25July The Bridge***** Final part of the Swedish/Danish TV thriller based around police co-operation between the two countries after a body is discovered on the centre of the bridge between them. Some excellent acting and suspense – this was a ten part story with each part taking an hour. Subtitles.

31July Mirror Mirror**** An interesting take on the story of Snow White. The plot is tweaked slightly to good (and feminist) effect. Some lovely special effects and clever fight scenes. I adored the monster. Some of the humour was rather heavy handed. Altogether a pleasant experience but not a film that I would bother rewatching.

Fewer films etc. than usual, because in Portugal we can only get news channels on TV and I hadn’t taken DVDs.

For anyone who’s wondering, the photograph is of a wall of cut plaster work in Alsfeld, Germany.

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2 Comments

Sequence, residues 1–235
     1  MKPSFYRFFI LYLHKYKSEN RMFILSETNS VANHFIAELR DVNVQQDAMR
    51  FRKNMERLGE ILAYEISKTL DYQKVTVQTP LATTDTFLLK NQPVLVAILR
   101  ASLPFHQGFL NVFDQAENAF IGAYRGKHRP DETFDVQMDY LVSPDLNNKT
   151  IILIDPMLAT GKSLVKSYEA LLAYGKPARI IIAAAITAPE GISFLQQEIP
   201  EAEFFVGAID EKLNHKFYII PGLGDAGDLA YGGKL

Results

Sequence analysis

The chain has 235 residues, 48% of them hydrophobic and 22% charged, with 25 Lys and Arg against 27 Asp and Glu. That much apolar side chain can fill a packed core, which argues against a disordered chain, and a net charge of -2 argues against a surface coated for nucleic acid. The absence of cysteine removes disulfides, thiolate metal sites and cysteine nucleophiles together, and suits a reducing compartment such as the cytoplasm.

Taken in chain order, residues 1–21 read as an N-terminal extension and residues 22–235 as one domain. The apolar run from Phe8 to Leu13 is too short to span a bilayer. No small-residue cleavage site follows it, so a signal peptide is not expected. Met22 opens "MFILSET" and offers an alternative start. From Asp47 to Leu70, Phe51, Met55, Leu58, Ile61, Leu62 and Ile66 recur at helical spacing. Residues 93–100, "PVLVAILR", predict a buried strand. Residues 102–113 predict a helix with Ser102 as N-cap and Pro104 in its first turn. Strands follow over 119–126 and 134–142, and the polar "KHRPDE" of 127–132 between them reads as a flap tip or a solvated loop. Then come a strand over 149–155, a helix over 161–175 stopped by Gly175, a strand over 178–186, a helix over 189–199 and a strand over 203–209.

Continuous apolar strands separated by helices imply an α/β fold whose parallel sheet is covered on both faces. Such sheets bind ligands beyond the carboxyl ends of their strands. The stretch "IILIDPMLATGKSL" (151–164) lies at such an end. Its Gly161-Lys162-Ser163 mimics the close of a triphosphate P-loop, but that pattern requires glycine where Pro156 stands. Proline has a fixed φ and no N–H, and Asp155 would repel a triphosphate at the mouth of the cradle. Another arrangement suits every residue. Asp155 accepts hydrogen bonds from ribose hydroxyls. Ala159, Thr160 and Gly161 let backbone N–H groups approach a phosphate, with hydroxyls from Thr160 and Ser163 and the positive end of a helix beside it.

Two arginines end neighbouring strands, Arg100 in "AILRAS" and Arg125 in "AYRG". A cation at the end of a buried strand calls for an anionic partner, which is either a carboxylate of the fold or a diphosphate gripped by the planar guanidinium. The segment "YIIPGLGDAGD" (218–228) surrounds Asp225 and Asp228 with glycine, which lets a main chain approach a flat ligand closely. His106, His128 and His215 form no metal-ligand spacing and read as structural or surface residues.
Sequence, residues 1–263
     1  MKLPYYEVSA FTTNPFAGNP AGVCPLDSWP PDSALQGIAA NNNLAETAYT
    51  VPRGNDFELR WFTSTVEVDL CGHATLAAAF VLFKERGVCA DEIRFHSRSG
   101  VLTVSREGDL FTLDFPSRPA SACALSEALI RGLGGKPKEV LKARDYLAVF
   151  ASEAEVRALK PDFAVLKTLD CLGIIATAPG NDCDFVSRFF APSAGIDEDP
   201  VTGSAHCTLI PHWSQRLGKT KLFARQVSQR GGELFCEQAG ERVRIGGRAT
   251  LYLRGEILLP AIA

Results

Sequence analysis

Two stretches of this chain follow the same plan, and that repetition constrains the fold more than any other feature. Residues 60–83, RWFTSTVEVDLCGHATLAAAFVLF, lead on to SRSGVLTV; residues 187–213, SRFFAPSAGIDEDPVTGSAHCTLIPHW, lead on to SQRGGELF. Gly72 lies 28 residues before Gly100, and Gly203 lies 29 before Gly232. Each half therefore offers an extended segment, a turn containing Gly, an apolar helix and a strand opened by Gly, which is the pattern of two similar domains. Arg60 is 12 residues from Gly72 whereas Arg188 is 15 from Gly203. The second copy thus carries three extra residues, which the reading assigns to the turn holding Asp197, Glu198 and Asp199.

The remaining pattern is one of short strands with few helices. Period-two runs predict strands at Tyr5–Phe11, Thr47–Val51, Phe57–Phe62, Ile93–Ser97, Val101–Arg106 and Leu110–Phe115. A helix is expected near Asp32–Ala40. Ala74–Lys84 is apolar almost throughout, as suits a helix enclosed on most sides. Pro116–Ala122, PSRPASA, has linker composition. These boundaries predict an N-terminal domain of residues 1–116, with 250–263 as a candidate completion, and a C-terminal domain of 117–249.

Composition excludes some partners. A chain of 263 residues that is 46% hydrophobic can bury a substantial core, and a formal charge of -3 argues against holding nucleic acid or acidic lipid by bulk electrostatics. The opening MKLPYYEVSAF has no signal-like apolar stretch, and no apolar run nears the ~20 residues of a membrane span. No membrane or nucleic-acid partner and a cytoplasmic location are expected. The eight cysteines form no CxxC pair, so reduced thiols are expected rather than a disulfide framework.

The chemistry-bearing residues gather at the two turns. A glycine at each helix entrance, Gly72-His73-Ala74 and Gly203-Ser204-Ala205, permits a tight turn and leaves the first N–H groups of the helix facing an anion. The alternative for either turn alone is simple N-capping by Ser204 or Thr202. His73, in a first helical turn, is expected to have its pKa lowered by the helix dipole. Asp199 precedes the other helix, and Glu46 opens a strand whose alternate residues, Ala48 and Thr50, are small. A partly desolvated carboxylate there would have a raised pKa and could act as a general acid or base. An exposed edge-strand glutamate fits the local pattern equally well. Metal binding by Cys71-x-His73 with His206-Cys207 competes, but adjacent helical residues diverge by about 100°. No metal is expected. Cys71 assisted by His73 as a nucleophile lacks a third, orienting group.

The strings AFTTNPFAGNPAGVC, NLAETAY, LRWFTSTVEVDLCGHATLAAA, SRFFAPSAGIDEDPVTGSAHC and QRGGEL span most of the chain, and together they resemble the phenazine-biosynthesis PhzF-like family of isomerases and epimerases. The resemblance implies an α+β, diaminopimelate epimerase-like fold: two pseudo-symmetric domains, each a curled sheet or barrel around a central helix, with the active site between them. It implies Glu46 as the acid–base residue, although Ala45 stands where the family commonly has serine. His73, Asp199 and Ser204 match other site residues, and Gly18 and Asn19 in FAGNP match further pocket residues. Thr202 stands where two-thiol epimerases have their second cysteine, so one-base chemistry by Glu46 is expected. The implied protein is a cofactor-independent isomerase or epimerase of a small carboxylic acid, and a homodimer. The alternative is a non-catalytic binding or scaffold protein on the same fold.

Posted by on August 8, 2012 in reviews

 

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2 responses to “July Reading and Viewing

  1. Aletheia

    August 8, 2012 at 5:58 pm

    Heh, I’m afraid to read Nesbit now, just because I loved her books in my childhood… I didn’t know ‘The Book of Dragons’ though.

     
    • jaymountney

      August 8, 2012 at 8:59 pm

      I used to like her stories but I was less critical in those days! I think Kipling’s Just So Stories are the only ones where I feel that condescension to the child reader really works and doesn’t offend but rather adds to the mythical . As an adult, reading these stories was quite a strain!! You can get them from Gutenberg Press, free. The illustrations (black and white, of course) are interesting.